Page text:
It seems like marijuana laws are changing everywhere these days. One in five U.S. residents now lives in a state where it is legal to smoke marijuana without a doctor’s recommendation. As of 2017, adults may possess small amounts of pot for personal use in Alaska, California, Colorado, Maine, Massachusetts, Nevada, Oregon, Washington, and Washington, D.C. Also as of 2017, marijuana is legal for medicinal purposes in 29 states. Texas, however, continues to enforce some of the harshest marijuana laws in the nation.

Heather Fazio, Texas political director with the Marijuana Policy Project, says, “No one deserves to have their lives derailed due to a criminal conviction for possessing a substance that is safer than alcohol.” Ms. Fazio and other advocates of marijuana reform in our state were confident that genuine reforms could be enacted in Texas in 2017, but once again, Texas lawmakers found ways to avoid the issue.

Thus, the possession of marijuana in any amount remains against the law in Texas under almost all circumstances. A variety of marijuana reform bills were introduced in the Texas Legislature this year, including a proposal to expand the state’s barely-functioning medical marijuana program as well as a proposal to decriminalize the possession of small amounts of marijuana for personal use by adults.


In the words of Michael Barajas, writing in the San Antonio Current, the state’s single medical marijuana law makes it “basically illegal for doctors to approve patients for treatment, rendering the bill practically useless.” Federal law prevents doctors from prescribing any Schedule One controlled substance, and the U.S. Drug Enforcement Administration still classifies pot as a Schedule One controlled substance.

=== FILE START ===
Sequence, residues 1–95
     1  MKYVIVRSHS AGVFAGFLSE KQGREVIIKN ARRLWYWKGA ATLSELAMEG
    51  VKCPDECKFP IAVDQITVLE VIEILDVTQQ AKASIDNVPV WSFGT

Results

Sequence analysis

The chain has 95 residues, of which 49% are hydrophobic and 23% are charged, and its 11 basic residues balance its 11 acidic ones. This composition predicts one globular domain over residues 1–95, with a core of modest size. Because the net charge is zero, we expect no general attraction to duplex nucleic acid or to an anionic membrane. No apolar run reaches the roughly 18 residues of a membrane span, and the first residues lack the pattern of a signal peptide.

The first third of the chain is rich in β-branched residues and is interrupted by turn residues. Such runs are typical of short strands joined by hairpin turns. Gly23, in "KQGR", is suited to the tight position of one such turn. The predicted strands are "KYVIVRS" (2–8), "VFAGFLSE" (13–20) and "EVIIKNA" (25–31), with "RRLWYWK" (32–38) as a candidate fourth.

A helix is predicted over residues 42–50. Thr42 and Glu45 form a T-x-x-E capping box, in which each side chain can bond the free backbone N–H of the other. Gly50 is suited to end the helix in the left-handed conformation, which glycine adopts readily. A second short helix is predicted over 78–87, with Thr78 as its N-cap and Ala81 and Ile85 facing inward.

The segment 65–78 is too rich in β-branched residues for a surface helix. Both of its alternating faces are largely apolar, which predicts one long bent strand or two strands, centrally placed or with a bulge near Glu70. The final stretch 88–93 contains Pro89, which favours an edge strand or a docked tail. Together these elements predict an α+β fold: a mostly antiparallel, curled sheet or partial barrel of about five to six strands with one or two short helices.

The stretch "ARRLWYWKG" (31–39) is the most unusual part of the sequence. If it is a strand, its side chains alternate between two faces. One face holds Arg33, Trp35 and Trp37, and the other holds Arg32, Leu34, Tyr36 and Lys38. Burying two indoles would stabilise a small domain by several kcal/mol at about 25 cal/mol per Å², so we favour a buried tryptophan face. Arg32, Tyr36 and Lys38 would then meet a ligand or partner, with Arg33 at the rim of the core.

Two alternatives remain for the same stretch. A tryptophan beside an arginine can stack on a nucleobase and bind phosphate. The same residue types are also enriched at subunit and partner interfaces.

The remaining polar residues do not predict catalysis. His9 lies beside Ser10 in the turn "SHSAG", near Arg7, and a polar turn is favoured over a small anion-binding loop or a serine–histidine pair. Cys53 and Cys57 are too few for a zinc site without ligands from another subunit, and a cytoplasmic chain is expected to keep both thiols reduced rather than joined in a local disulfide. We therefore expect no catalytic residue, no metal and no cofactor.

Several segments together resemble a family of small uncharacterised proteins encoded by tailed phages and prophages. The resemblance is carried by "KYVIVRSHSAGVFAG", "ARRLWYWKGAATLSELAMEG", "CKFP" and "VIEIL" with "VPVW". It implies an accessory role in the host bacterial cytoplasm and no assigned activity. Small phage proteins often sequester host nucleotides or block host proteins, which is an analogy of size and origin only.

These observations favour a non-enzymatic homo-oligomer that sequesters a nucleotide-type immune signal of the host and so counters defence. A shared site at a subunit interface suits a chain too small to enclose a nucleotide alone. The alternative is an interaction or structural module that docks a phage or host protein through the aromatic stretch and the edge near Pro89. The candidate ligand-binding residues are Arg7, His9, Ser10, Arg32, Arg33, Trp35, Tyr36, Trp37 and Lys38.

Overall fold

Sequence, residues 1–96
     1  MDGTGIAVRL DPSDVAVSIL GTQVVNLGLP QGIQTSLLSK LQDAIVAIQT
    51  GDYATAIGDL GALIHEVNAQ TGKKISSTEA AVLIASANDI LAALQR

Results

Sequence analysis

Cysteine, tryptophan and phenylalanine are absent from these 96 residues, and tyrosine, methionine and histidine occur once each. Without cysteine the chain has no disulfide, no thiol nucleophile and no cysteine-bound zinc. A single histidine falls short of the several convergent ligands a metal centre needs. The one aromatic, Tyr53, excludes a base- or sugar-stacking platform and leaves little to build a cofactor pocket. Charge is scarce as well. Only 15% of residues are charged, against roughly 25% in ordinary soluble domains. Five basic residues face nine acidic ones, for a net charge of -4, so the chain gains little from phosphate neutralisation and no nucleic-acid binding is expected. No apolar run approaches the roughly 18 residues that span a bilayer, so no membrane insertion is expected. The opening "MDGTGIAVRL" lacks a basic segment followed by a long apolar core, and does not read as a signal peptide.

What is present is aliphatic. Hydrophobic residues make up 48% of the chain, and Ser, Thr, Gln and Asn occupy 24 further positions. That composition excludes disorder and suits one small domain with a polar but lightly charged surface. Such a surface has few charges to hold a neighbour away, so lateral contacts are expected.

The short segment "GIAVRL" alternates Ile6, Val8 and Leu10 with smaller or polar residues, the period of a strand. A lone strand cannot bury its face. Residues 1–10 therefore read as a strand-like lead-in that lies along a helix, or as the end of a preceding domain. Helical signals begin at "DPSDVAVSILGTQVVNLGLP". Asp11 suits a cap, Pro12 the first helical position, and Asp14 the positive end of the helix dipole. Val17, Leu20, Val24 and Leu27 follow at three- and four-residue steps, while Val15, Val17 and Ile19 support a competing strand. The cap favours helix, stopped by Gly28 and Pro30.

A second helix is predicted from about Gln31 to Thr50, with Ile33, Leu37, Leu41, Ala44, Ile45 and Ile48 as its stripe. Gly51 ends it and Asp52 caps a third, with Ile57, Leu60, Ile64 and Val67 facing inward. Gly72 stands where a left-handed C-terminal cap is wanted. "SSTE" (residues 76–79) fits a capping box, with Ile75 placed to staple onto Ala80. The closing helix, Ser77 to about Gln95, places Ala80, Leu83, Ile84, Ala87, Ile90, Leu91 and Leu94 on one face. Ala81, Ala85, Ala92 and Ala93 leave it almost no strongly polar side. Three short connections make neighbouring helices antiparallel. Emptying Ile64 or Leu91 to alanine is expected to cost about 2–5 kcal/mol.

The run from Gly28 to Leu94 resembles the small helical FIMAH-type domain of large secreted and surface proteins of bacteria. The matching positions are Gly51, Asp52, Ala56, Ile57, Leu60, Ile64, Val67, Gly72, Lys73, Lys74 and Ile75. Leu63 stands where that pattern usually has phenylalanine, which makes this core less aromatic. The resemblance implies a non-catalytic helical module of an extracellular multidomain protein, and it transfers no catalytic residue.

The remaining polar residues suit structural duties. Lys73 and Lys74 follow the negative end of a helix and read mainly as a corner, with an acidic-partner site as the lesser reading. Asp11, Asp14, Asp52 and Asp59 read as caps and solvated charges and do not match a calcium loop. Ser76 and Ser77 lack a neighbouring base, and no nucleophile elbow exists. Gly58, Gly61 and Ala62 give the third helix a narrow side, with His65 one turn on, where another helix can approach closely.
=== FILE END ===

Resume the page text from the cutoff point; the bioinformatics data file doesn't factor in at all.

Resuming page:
Because the Texas medical marijuana law specifies that a doctor must “prescribe” rather than “recommend” medical marijuana (in the form of cannabis oil), the language of the law needed to be changed and still does, since lawmakers took no action.

An attempt to do away with criminal penalties for the possession of small amounts of marijuana for personal use by adults ran into a similar dead end in the Texas Legislature in 2017. The bill, which was sponsored by State Representative Joe Moody of El Paso, would have reduced the penalty for possession of a small amount of pot for personal use by an adult to a $250 fine. Lawmakers adjourned without even considering the proposal.


Representative Jason Isaac believes that his colleagues in the Texas Legislature are rejecting all marijuana reform measures because they fear that any liberalization of marijuana laws will open the floodgates to full legalization. Interestingly, however, and increasingly, many Texas prosecutors disagree and are now favoring at least some reform of the state’s pot laws.

In 2011, prosecutors across Texas dismissed 23 percent of all misdemeanor marijuana cases. By 2015, according to the Austin American-Statesman, about a third of the state’s misdemeanor marijuana cases were being dismissed.